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Federal Highway Administration Research and Technology
Coordinating, Developing, and Delivering Highway Transportation Innovations

 
FACT SHEET
This fact sheet is an archived publication and may contain dated technical, contact, and link information
Publication Number:  FHWA-HRT-17-051    Date:  June 2017
Publication Number: FHWA-HRT-17-051
Date: June 2017

 

Logo. The Exploratory Advanced Research Program's logo of a satellite over a highway-representing operating systems and reducing congestion.

The Exploratory Advanced Research Program

Advanced Vehicle Tracking Technologies

Sensing and Monitoring Individual Vehicles in Traffic Flow

 

Exploratory Advanced Research - Next Generation Transportation Solutions

PDF Version (259 KB)

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Battery-powered AVTS radar housed in weatherproof case on adjustable-height tower.
Battery-powered AVTS radar housed in weatherproof case on adjustable-height tower.
Source: FHWA.

As the Nation moves into a future of increased automated traffic technologies, transportation managers will need new tools to monitor traffic and control flow. Effective traffic management will require sensing and monitoring systems that provide information at the level of individual vehicles. Because of this, the Federal Highway Administration (FHWA) Exploratory Advanced Research (EAR) Program is supporting research that uses ultra wideband (UWB) radar to identify and track individual vehicles as they move through traffic. The Advanced Vehicle Tracking System (AVTS) project, conducted by Honeywell Corporation and Time Domain Holdings, in collaboration with the University of Minnesota, will recognize and track individual vehicles, rather than aggregated vehicle patterns, and will work without relying on vehicle-based technology that provides information about location or movement. Small-scale highway tests of AVTS show that the system can sense individual vehicles and identify them based on size and movement. Further refinement of the technology will provide managers with an important new tool to improve traffic monitoring capabilities.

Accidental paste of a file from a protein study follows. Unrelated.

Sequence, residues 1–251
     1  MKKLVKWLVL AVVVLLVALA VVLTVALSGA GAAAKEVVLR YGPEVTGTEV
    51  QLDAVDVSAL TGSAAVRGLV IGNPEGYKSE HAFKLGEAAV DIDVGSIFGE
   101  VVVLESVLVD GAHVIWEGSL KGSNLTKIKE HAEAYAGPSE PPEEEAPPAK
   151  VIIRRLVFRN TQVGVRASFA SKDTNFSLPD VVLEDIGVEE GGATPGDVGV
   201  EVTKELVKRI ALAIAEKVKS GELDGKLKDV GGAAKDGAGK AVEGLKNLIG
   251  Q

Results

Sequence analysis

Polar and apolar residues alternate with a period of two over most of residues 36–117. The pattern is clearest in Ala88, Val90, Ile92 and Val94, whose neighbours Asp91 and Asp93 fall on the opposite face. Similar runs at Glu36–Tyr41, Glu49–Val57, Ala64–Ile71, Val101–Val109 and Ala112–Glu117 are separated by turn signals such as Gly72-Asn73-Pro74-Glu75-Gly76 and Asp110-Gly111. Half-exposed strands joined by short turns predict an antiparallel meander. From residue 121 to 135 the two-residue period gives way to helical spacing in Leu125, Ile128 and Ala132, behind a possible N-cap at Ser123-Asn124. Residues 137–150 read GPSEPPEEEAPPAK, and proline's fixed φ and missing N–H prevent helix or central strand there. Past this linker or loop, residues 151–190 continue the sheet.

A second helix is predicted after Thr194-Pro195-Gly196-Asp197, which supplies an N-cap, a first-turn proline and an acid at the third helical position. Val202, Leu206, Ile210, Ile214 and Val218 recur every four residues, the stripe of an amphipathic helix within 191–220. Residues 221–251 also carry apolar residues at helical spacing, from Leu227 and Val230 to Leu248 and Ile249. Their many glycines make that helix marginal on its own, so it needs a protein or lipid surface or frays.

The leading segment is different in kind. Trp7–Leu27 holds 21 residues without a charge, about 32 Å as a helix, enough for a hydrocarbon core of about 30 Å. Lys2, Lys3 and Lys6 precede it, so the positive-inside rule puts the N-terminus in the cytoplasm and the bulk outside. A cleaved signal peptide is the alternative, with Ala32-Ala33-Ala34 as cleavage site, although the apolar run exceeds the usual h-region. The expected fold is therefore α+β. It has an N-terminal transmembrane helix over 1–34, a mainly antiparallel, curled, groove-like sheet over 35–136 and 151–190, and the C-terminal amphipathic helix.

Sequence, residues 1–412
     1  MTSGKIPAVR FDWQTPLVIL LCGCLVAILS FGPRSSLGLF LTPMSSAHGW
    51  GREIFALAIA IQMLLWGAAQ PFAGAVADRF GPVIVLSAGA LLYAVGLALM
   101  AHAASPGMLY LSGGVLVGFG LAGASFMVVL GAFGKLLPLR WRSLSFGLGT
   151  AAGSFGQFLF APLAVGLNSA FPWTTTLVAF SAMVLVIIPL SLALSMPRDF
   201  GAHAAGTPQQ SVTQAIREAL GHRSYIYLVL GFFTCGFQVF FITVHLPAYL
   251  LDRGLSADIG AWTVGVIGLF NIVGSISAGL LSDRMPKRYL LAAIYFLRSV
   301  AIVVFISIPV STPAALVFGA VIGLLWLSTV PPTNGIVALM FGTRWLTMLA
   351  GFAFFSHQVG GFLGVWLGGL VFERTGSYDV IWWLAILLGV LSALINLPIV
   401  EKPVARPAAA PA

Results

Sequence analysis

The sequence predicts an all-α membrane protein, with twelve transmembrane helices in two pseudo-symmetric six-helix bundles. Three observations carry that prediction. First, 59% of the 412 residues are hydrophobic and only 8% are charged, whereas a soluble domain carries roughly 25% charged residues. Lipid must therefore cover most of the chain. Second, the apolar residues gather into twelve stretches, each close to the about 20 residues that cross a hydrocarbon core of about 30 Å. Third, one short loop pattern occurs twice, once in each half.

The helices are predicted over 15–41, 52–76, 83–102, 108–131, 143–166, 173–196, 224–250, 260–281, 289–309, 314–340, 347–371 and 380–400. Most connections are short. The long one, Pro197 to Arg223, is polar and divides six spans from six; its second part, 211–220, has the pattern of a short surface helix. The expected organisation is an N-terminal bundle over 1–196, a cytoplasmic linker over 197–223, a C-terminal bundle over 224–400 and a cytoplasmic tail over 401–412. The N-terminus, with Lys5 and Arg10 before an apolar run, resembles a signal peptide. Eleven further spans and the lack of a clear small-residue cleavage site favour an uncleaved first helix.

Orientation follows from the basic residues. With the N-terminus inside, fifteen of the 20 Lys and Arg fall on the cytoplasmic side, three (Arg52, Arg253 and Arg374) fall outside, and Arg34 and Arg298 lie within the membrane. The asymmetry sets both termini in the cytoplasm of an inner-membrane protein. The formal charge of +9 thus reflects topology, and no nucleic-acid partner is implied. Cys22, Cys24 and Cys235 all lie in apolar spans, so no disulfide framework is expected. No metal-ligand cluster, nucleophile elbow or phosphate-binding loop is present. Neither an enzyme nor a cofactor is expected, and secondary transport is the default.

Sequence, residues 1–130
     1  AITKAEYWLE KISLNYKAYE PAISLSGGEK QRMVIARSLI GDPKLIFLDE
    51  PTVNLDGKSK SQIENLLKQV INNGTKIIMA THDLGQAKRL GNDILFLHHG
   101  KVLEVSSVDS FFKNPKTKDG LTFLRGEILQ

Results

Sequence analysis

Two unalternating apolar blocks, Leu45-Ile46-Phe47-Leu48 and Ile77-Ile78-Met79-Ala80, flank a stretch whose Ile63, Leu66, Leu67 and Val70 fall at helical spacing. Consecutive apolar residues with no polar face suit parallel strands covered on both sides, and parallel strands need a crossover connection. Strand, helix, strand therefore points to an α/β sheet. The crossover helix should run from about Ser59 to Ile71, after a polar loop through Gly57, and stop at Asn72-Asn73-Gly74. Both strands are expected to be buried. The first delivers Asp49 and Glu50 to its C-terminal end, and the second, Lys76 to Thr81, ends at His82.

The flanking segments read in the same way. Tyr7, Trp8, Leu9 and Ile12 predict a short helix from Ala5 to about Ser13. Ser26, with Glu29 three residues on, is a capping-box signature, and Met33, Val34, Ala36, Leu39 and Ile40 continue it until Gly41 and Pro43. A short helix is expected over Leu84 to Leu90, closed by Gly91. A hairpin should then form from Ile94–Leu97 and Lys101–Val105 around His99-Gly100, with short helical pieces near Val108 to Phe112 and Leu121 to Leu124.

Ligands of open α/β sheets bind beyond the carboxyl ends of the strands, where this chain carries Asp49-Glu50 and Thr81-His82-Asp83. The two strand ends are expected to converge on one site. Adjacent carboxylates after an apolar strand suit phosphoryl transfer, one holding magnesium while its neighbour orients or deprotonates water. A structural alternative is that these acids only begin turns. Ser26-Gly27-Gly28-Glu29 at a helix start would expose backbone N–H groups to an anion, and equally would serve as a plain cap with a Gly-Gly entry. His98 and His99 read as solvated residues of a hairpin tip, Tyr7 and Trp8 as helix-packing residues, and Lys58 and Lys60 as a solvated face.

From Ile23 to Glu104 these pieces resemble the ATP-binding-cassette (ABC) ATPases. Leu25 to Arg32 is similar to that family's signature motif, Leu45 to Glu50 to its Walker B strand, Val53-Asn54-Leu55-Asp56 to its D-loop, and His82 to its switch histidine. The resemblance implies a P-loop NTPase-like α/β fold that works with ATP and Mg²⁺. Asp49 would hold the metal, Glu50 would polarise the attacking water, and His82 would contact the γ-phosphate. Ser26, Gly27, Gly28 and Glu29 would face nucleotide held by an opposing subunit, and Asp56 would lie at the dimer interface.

The Need for Improved Vehicle Sensing

Current vehicle sensing relies on three technologies, each with technical shortcomings that limit their ability to monitor and track the demands of automated highways and traffic management.

 

FHWA-HRT-17-051 PDF Cover Image

 

 

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